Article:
Vaccine Euphoria Gives Way to New Worries

YERUSHALAYIM -
A health-care worker holding a test sample at a testing site in Rechovot. (Yossi Aloni/Flash90)

Initial euphoria over the arrival of the Pfizer coronavirus vaccine is already giving way to new worries.

Health officials are concerned that the resurgence of infection and other problems could wreck the vaccination campaign, according to Channel 13.

Officials fear that people will be reluctant to get the shot due to exposure to other people and long lines. They also express concern that people who receive one dose and go on to contract the virus will not be able to complete the inoculation three weeks later.

And the rising infection rate is such that officials are pessimistic about current restrictions being sufficient to contain the pandemic.

“There is no choice but to head to lockdown,” one official said.

Meanwhile, officials were monitoring progress of the pandemic in Gaza. Israeli health officials met with their Palestinian counterparts on Tuesday and urged them to quickly buy vaccines, the Kan public broadcaster reported. It was said to be the first high-level meeting between the sides since security ties were reestablished a few weeks ago.

According to the report, the Palestinian Authority is in talks with Russia to acquire its vaccine and is expected to receive donated shots from international organizations for 20% of its population. The donation, however, hinges on approval from the WHO, which will probably not come through before January.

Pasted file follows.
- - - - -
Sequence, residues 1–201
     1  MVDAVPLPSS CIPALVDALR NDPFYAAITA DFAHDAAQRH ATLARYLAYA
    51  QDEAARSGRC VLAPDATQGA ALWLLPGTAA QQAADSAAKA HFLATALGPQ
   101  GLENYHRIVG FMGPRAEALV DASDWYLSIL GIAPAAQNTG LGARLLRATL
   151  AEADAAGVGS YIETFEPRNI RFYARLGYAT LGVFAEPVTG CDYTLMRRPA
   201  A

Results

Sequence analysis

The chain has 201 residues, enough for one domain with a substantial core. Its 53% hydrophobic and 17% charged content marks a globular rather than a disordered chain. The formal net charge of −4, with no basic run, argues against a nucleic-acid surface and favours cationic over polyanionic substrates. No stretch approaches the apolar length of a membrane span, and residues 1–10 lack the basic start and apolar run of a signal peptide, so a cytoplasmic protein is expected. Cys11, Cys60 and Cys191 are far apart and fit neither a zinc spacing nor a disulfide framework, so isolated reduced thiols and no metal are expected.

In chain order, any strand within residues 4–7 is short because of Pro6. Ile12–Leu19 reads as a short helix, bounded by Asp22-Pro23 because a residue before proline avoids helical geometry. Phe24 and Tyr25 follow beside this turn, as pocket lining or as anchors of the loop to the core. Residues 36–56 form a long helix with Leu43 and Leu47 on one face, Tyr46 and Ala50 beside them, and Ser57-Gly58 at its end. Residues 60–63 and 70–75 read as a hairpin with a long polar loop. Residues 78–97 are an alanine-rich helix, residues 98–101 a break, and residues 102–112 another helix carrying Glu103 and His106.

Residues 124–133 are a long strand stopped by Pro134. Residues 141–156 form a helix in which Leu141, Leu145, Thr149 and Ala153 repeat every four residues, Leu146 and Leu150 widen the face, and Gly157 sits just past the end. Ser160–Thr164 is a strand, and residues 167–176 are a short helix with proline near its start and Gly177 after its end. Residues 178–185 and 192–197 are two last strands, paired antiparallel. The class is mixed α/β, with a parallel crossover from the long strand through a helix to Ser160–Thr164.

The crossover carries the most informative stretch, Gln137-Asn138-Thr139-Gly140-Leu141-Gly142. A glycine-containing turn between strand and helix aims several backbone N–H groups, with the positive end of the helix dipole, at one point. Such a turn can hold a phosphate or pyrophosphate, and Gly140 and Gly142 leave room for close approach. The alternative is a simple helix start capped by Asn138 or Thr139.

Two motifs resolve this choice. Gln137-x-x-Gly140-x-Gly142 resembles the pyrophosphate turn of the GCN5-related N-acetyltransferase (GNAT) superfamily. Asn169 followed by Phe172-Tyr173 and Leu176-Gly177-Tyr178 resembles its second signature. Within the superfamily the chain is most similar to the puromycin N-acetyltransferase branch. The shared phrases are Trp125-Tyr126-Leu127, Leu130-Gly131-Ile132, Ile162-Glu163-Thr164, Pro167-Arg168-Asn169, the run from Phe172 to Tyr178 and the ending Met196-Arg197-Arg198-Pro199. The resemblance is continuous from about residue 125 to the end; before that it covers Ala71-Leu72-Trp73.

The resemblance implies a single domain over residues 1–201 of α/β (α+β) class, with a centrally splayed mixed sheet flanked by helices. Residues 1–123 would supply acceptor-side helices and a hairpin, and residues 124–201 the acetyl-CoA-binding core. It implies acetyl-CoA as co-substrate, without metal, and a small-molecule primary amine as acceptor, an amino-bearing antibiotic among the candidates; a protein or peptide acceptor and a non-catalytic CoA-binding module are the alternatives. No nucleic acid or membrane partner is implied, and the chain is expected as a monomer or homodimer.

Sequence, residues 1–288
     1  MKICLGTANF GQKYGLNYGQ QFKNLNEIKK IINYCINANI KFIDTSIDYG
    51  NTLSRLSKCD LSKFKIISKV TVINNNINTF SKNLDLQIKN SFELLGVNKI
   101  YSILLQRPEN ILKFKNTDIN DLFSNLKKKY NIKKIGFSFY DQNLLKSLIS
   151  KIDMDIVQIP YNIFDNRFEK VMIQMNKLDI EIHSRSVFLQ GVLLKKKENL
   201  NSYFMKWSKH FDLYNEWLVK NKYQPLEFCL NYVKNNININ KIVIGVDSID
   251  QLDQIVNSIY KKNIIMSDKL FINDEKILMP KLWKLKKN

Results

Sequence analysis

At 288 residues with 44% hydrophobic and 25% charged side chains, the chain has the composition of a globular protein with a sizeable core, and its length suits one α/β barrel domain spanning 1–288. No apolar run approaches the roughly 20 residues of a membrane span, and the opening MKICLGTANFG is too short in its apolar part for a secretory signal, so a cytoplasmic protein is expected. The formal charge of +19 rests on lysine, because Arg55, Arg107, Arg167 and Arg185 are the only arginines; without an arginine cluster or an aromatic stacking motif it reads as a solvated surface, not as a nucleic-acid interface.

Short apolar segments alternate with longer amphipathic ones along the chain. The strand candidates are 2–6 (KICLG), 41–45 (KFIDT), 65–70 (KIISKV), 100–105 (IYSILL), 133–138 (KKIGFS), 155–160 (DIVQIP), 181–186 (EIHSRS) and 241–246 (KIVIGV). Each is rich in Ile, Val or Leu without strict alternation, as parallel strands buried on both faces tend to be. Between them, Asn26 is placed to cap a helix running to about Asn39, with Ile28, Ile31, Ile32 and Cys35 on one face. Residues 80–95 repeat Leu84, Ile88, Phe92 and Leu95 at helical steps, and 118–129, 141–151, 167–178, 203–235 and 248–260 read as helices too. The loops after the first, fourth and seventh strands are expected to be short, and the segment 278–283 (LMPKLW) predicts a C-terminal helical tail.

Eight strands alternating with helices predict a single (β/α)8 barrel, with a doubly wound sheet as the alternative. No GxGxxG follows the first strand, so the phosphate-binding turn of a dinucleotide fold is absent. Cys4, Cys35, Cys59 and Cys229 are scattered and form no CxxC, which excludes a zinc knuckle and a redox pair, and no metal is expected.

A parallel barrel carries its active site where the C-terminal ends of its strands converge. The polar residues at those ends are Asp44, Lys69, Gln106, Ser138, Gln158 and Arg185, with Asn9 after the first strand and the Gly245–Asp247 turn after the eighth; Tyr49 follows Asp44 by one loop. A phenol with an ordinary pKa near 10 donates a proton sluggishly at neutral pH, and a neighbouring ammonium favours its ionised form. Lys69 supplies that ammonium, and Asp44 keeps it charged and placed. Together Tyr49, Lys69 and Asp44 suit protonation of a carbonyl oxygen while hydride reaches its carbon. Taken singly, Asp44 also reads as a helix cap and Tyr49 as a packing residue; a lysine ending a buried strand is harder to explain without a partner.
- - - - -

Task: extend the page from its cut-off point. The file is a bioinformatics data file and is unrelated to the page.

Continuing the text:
In another coronavirus-related story, the Shin Bet security service will stop its using its controversial phone surveillance measures to help track down potential COVID-19 carriers from January 20, according to Kan.

However, it said the agency will continue to use the technology on those who refuse to cooperate with contact tracing efforts.

Later, on Wednesday night, the coronavirus cabinet approved in a televote the reopening of public libraries. The decision was effective immediately.

Last week, the ministers gave the okay for reopening museums following a successful pilot under Health Ministry regulations conducted at selected institutions.

In addition, the budget for writers’ royalties will be increased by an additional NIS 500,000 after NIS 2.7 million was previously approved.

Culture Minister Chilik Tropper (Blue and White), who backed the openings, said, “We have a responsibility for those in the culture industry affected by the coronavirus. We invite everyone to come to the libraries while following the rules that will ensure the health of every visitor. We will do our best so that the libraries can continue to operate even if additional restrictions are imposed,” he said.